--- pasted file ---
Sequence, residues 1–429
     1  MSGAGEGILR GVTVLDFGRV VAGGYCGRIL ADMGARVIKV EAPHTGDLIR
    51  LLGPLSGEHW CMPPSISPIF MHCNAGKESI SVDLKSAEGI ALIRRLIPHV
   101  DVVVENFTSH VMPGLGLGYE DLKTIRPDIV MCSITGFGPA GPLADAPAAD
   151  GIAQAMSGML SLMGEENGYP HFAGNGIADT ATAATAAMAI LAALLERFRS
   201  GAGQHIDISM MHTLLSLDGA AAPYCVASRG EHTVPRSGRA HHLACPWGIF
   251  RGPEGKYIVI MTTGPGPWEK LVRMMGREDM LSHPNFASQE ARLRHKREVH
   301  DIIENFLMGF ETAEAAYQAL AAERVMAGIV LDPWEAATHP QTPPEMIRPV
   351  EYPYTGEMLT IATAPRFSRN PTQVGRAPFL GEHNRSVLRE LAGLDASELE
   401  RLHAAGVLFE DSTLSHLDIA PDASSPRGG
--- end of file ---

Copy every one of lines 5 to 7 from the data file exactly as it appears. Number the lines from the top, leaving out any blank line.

   151  GIAQAMSGML SLMGEENGYP HFAGNGIADT ATAATAAMAI LAALLERFRS
   201  GAGQHIDISM MHTLLSLDGA AAPYCVASRG EHTVPRSGRA HHLACPWGIF
   251  RGPEGKYIVI MTTGPGPWEK LVRMMGREDM LSHPNFASQE ARLRHKREVH